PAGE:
Artesian wells began to be sunk in Santa Clara County, California, about the middle of the century, many being subsequently bored in all the central and southern districts, as well as in Nevada and the states adjacent. There is a remarkable artesian belt in San Bernardino County, where hundreds of wells from 100 to 300 feet deep pour forth perpetually their verdure- clothing streams. In the rivers of the Coast range, and along the Sierra foothills, is power for hundreds of machinery plants. The horsepower of rain is limitless, and there are natural watersheds and places for storage in the mountains of western America to furnish power to move the world. The rain-fall thus caught midway between the clouds and the ocean is made to turn many of the wheels of civilization on its level-seeking course, and manufacture lightning on its way to spread with fresh verdure the plains below. Likewise in the harnessing of the tides may be the utilization of great power, for which purpose several machines have been invented, one in California. During the 25 years electrical power has been in use, $1,000,000,000 have been invested in electrical machinery.
Mighty indeed are the powers that be, and mighty the power of man, whether overthrowing or overthrown, and death mightiest of all! Standing here upon the borderline between the latest west and the old east, on the line where west meets east, the old half civilizations of Asia either briskly astir or falling in pieces by their own weight; standing likewise between two centuries, wherein has been and will be more of progress than in any of the half-score of the past or the future, it is not difficult to prophesy, nor unsafe withal as to what will be a century hence. New York and Chicago then will each have a population of ten millions, San Francisco five million, and San Diego one million. Broadway will have all high buildings with elevated sidewalks and cross bridges above the tenth story. East and North rivers will have each three bridges and three tunnels. There will be seen no horses in the streets . Ship canals from lakes Erie Michigan and Superior to the rivers Hudson and Mississippi will bring the vast interior to the sea, while ocean navigation will cross the continent at Panama and Nicaragua. Attached to every public schoolhouse will be a first-class hotel and clothing shop, where pupils will receive every requirement free, capital from the county bank being given them to engage in business upon the completion of their education. Negroes and Irish policemen will run the government at reduced rates. As men have been occupied largely during the past century in studying the forces of nature and applying them to their requirements, so they will continue discovering and inventing through the next, until the end of it will find wonders heaped upon wonders.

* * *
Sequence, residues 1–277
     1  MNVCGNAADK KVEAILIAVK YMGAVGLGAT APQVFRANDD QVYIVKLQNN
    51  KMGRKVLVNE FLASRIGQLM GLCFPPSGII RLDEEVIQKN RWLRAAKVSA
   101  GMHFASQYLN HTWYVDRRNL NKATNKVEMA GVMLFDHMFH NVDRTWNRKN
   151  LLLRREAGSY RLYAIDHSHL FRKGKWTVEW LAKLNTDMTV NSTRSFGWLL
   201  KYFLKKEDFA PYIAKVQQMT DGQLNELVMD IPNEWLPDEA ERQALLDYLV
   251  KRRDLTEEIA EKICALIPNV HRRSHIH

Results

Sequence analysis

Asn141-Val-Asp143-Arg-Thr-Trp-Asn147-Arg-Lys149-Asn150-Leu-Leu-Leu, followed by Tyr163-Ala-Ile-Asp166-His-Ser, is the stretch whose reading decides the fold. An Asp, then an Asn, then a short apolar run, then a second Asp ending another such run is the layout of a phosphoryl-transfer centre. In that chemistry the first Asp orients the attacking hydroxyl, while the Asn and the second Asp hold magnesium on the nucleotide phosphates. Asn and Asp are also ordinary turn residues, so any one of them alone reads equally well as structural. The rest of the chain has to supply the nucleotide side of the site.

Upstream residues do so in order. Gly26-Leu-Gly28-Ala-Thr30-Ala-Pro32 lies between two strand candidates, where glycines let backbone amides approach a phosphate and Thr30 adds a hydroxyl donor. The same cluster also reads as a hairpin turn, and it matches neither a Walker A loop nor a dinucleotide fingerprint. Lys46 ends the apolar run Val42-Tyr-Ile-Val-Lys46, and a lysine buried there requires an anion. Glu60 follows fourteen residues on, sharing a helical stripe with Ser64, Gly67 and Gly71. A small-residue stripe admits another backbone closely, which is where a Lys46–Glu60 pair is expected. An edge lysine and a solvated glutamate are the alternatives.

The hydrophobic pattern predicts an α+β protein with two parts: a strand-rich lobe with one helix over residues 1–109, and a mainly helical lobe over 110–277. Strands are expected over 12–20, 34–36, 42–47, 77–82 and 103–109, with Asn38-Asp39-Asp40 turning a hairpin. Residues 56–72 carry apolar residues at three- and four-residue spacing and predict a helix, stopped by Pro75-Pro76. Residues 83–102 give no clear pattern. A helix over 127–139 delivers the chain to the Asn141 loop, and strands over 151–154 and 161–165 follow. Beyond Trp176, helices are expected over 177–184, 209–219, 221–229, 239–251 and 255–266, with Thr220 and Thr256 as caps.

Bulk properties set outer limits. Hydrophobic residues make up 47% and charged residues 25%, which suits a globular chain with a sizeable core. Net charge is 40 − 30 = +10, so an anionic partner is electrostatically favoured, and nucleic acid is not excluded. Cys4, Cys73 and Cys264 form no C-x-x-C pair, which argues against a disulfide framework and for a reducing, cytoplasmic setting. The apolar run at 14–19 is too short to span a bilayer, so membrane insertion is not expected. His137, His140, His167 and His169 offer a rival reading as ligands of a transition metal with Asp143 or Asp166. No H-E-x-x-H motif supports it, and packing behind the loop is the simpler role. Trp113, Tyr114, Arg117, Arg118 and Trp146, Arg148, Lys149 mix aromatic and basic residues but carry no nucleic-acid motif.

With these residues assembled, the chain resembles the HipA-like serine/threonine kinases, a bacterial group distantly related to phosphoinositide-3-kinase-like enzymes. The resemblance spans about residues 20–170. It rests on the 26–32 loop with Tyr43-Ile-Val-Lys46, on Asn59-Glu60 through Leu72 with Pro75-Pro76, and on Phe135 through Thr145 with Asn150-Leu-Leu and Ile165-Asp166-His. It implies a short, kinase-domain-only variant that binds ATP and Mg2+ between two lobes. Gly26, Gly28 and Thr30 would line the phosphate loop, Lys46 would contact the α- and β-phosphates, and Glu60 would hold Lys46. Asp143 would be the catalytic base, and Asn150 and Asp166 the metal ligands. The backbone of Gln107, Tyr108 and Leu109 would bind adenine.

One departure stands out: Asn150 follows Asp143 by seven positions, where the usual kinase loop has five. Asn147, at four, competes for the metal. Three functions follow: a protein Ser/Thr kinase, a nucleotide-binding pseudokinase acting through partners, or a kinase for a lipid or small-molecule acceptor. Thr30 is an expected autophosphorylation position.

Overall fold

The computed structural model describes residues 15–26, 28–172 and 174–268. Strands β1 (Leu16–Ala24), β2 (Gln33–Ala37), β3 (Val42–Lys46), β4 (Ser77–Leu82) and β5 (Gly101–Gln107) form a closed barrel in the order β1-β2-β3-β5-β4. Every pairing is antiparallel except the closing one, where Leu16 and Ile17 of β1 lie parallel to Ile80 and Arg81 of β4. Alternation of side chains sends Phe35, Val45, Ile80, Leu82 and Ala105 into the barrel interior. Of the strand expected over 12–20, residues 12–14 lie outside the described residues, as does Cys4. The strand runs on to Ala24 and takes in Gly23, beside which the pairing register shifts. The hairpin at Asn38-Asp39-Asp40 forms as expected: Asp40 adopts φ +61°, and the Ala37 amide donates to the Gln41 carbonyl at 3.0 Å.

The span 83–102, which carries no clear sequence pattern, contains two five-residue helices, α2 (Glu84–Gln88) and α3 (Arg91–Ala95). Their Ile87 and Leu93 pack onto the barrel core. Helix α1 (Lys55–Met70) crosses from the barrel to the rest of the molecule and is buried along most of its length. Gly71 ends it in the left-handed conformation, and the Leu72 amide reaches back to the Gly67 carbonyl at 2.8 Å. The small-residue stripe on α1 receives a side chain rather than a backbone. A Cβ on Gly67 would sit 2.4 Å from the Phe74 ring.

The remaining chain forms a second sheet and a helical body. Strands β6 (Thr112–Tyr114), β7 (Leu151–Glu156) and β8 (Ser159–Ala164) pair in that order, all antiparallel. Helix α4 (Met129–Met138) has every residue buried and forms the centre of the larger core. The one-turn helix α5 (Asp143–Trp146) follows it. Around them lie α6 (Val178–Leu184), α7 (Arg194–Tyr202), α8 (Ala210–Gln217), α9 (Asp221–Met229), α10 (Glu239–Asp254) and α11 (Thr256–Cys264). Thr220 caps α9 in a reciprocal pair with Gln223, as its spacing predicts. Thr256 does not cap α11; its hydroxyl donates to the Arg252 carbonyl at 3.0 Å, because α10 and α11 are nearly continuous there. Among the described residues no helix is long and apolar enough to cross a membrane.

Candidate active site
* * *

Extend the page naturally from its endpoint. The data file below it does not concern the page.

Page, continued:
It is a day of great and small inventions,—horseless carriages and bicycles propelled by petroleum; electrical and hot air railway cars, telephone talking, with no end of clubs, coming women and the rest. Certain very able men and, very good men doubtless at heart, if peradventure such an organ can be found, are perhaps a little greedy for gold, and with their trusts and corners, and monopolies here and impositions there, crushing mercilessly the life out of any and all who oppose them under the Juggernaut-wheels of their avarice, inclined to more than their share, if they can get it. But we must not quarrel with the way in which a kind providence has put up things. These men are as God made them, only, as Sancho Panza says, a little worse.
The past half-century has been conspicuous in this respect, in common with others,—that wealth has increased in as great or greater ratio than population. And we may confidently look forward for a continuance of the same state of things for another half-century. There are yet forests to be cleared away, orchards and vineyards to be planted, houses to be built, canals and railroads to be constructed, and many other industries to be extended which add fixed and permanent value to the land. Setting aside from our eighty millions of population the non-producers, children, women, professional men and the rest, and we have at least ten millions of men whose day’s labor leaves a permanent result. If this result is estimated at a dollar a day, then the increase of wealth in the United States, from this source alone, is not less than 3,000 millions of money, equal to the entire circulation of the globe.
Happy is he who on entering the world chooses for himself beneficent and wealthy father, and so inherits all the good things of life without the trouble of lifting a finger for them. Yet some would say that he who lives alone for self, lives for the least of God’s creatures; that he who has no other ambition while in this world than to spend the money another has earned, which life indeed is the life of the swine who eat sleep and sun themselves, is not to be envied. And the idle rich of America are more unhappy than the idle rich of Europe, where centuries of practice have brought the art of doing nothing to a state of greater perfection. Some would say, likewise, that the super-sensitive or self-sufficient woman of too much learning, or the appearance of it, might better come clown from her stilts, and deal more in pretty and pleasing things.